Yesterday I wrote about using an intraosseous line (IO) to administer contrast for CT scanning. The authors of the paper I cited prefer using humeral head access for their IO device. I wanted to share a nice video illustrating the technique, especially for those of you who use the tibia.
The technique is simple, and better tolerated in awake, unanesthetized patients than leg access. However, I believe it’s easier to find the insertion landmarks for the tibia in obese patients.
The standard of care in vascular access in trauma patients is the intravenous route. Unfortunately, not all patients have veins that can be quickly accessed by prehospital providers. Introduction of the intraosseous device (IO) has made vascular access in the field much more achievable. And it appears that most fluids and medications can be administered via this route. But what about iodinated contrast agents via IO for CT scanning?
Physicians at Henry Ford Hospital in Detroit have just published a case report on the use of this route for contrast administration. They treated a pedestrian struck by a car with a lack of IV access sites by IO insertion in the proximal humerus, which took about 30 seconds. They then intubated using rapid sequence induction, with drugs injected through the IO device. They performed full CT scanning using contrast injected through the site using a power injector. Images were excellent, and ultimately the patient received an internal jugular catheter using ultrasound. The IO line was then discontinued.
This paper suggests that the IO line can be used as access for injection of CT contrast if no IV sites are available. Although it is a single human case, a fair amount of studies have been done on animals (goats?). The animal studies show that power injection works adequately with excellent flow rates.
The authors prefer using an IO placement site in the proximal humerus. This does seem to cause a bit more pain, and takes a little practice. A small xylocaine flush can be administered to reduce injection discomfort in awake patients. Additionally, the arm cannot be raised over the head for the torso portion of the scan.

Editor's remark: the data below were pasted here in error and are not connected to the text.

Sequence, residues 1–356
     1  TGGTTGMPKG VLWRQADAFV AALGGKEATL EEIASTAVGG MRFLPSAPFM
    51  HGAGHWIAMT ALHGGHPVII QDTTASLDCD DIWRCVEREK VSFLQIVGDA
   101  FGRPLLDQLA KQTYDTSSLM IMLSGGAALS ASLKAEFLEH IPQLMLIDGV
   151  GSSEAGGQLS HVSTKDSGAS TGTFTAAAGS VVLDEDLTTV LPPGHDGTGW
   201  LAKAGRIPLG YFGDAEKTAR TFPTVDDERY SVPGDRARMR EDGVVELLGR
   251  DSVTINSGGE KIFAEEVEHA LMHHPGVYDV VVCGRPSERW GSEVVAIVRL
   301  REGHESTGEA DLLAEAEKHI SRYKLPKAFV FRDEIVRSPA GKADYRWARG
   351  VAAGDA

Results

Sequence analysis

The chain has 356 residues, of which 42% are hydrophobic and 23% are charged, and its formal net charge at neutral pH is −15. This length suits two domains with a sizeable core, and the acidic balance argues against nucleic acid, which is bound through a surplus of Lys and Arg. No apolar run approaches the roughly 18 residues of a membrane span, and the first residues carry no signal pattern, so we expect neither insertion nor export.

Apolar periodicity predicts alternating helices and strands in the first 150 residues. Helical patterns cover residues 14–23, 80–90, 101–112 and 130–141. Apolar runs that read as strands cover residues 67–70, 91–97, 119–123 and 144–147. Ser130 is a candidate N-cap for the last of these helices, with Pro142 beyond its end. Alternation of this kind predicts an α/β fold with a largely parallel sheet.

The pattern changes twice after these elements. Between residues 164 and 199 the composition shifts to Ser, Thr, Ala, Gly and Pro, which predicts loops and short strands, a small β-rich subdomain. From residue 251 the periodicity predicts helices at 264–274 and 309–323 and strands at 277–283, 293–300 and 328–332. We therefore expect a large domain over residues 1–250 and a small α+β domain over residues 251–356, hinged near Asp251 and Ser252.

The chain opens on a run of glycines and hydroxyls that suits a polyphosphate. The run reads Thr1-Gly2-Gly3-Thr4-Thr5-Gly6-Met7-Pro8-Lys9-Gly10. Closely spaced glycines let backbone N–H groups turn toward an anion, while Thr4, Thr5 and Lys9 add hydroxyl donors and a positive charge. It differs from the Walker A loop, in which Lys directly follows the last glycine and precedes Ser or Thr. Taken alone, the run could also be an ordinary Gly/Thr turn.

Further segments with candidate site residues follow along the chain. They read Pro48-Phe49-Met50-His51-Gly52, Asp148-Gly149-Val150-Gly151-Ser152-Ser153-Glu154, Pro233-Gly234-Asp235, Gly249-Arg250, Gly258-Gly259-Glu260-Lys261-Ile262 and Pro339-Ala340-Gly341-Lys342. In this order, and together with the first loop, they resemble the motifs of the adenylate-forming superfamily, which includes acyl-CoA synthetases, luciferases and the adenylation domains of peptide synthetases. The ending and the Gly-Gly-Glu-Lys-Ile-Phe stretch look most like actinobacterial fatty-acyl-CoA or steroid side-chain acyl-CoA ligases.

Bottom line: CT contrast can be injected into an intraosseous line (IO) with excellent imaging results. Insert the IO in a site that you are comfortable with. I do not recommend power injection at this time. Although the marrow cavity can support it, the connecting tubing may not. Have your radiologist hand-inject and time the scan accordingly.
Note: long term effects of iodinated contrast in the bone marrow are not known. For this reason, and because of smaller marrow cavities, this technique is not suitable for pediatric patients.
Yesterday, I wrote about using ultrasound in place of CT for initial diagnosis of blunt abdominal injury in children. Although it looks good for identification of solid organ injury and free fluid, it may miss injury to the intestine. Is that bad?
Lets look at a recent study that examined the consequences of delayed laparotomy for blunt intestinal injury. The American Pediatric Surgical Association conducted an 18-center study of the management of intestinal injuries in children less than 16 years of age. They were stratified by time to treatment. There were 214 patients with complete data records for review.
The majority of the patients were involved in a motor vehicle crash or a bicycle accident. Demographics were similar in all time to treatment groups. Half were resuscitated at a referring hospital and then transferred to a pediatric trauma center, on average after 6 hours.
The only deaths occurred in the 0-6hr and 6-12hr groups. The average Injury Severity Score of the children who died was significantly higher than survivors.
Children operated on in the 0-6hr group had significantly higher ISS as well.
There was no difference in early or late complications across all groups.
Time to beginning oral intake and time in hospital were the same in all groups.